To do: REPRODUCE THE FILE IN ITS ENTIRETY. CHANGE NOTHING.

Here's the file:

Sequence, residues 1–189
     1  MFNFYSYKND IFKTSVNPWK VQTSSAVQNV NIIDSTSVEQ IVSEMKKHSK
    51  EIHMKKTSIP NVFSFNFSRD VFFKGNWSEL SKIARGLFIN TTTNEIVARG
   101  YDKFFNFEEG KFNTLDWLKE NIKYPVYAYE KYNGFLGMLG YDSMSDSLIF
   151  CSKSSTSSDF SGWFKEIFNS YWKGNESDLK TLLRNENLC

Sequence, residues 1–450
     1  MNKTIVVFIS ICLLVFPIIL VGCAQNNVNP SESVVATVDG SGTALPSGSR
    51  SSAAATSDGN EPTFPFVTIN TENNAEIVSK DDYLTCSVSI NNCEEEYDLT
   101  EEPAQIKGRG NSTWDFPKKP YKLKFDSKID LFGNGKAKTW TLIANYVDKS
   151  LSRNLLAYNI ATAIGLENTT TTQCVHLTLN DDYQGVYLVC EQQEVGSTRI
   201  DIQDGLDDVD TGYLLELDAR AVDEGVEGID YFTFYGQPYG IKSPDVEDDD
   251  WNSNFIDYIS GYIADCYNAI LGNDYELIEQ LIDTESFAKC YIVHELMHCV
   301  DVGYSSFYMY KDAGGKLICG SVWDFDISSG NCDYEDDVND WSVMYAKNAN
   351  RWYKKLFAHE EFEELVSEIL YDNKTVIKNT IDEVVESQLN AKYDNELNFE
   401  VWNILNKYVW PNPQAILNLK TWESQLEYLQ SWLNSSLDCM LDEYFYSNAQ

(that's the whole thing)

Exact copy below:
Sequence, residues 1–189
     1  MFNFYSYKND IFKTSVNPWK VQTSSAVQNV NIIDSTSVEQ IVSEMKKHSK
    51  EIHMKKTSIP NVFSFNFSRD VFFKGNWSEL SKIARGLFIN TTTNEIVARG
   101  YDKFFNFEEG KFNTLDWLKE NIKYPVYAYE KYNGFLGMLG YDSMSDSLIF
   151  CSKSSTSSDF SGWFKEIFNS YWKGNESDLK TLLRNENLC

Sequence, residues 1–450
     1  MNKTIVVFIS ICLLVFPIIL VGCAQNNVNP SESVVATVDG SGTALPSGSR
    51  SSAAATSDGN EPTFPFVTIN TENNAEIVSK DDYLTCSVSI NNCEEEYDLT
   101  EEPAQIKGRG NSTWDFPKKP YKLKFDSKID LFGNGKAKTW TLIANYVDKS
   151  LSRNLLAYNI ATAIGLENTT TTQCVHLTLN DDYQGVYLVC EQQEVGSTRI
   201  DIQDGLDDVD TGYLLELDAR AVDEGVEGID YFTFYGQPYG IKSPDVEDDD
   251  WNSNFIDYIS GYIADCYNAI LGNDYELIEQ LIDTESFAKC YIVHELMHCV
   301  DVGYSSFYMY KDAGGKLICG SVWDFDISSG NCDYEDDVND WSVMYAKNAN
   351  RWYKKLFAHE EFEELVSEIL YDNKTVIKNT IDEVVESQLN AKYDNELNFE
   401  VWNILNKYVW PNPQAILNLK TWESQLEYLQ SWLNSSLDCM LDEYFYSNAQ